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Jessica: I have two key takeaways from the T.E.T. training course. The first concerns how adults engage in “Third Party Facilitation”. I was forced to let go some of some strongly held notions about what this entails. As a mediator, I must accept that there are issues that I cannot solve just through my own active listening and facilitation efforts. I learned to accept that there will not always be completely satisfactory solutions to every conflict or challenge. Giving up these expectations helped me become more relaxed. I also realized that I needed to relinquish some of my own arrogance when dealing with such situations.

My second take away concerns the connectedness of my body. I have previously participated in Xiao Wu’s “Art of Parenting” course and even got myself accepted into her Art of Parenting Instructor Training program. I thought I understood the importance of art in children’s life. But it wasn’t until I attended Xiao Wu’s T.E.T. workshop that I realized that, up until then, all my “knowledge” was purely intellectual and just in my head. After learning the New Zealand Maori stick dance and the mirror cross running game I experienced for the first time in my life a joy that emanated from within my body rather than just inside my mind!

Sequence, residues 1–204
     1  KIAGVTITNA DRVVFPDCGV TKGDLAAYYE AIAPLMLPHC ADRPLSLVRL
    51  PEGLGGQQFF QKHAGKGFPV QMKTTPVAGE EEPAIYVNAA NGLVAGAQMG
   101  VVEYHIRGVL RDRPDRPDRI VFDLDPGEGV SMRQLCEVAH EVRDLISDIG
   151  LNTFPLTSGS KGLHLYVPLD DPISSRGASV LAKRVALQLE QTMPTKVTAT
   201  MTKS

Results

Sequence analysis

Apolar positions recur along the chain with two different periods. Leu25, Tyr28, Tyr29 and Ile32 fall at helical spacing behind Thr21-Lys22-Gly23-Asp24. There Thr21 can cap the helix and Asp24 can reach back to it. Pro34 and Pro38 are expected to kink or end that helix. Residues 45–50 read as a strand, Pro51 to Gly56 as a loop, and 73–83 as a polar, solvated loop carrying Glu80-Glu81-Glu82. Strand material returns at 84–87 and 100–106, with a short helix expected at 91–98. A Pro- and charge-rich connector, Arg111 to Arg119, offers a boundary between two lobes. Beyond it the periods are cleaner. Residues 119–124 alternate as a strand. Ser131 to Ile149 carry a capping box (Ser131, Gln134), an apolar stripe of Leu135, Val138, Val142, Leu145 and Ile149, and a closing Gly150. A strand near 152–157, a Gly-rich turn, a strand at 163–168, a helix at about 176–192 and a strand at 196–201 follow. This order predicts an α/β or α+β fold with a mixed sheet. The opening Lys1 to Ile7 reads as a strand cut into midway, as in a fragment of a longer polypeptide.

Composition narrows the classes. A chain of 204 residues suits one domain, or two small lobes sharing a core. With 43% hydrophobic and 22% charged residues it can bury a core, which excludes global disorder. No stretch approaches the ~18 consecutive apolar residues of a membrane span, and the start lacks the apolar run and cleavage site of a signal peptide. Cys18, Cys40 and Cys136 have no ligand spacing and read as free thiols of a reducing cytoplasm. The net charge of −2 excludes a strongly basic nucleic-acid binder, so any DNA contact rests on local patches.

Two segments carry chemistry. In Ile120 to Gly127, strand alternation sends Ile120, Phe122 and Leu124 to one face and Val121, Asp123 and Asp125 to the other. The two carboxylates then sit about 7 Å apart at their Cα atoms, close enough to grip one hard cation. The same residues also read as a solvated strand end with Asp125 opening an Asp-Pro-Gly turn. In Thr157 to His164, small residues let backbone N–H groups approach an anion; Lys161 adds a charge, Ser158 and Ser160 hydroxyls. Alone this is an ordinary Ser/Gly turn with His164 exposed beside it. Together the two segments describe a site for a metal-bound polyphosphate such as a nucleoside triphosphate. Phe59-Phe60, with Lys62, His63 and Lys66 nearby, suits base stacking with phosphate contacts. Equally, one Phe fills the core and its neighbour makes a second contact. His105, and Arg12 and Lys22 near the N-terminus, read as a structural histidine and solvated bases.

It wasn’t the sort of happiness that you experience when something that you know is good happens and you should enjoy it; and it wasn’t the sort of pleasure one gets from the physical senses like smell or sight or touch. It was a joy that came from the feeling of one’s body working in perfect harmony with itself and from the release of energy that this entails. It’s the same feeling that a musical ensemble must feel after it is finally able to play a tune together perfectly, as if it were one instrument working in seamless harmony and not simply a collection of parts thrown together. I’ve learned that I need to look for every opportunity to move my body more so I can experience that same joy and pleasure in everyday life and in my teaching!